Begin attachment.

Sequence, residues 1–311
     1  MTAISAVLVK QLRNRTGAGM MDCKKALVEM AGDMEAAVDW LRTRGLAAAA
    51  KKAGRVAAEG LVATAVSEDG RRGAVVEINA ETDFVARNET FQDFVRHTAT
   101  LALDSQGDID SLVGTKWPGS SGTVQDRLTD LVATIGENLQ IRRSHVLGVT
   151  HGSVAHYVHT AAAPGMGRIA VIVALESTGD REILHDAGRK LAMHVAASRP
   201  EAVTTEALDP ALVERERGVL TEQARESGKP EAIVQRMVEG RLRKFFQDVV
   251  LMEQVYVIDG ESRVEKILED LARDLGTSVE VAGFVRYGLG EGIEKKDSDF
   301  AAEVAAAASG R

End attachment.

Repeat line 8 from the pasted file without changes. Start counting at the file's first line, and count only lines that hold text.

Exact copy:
   301  AAEVAAAASG R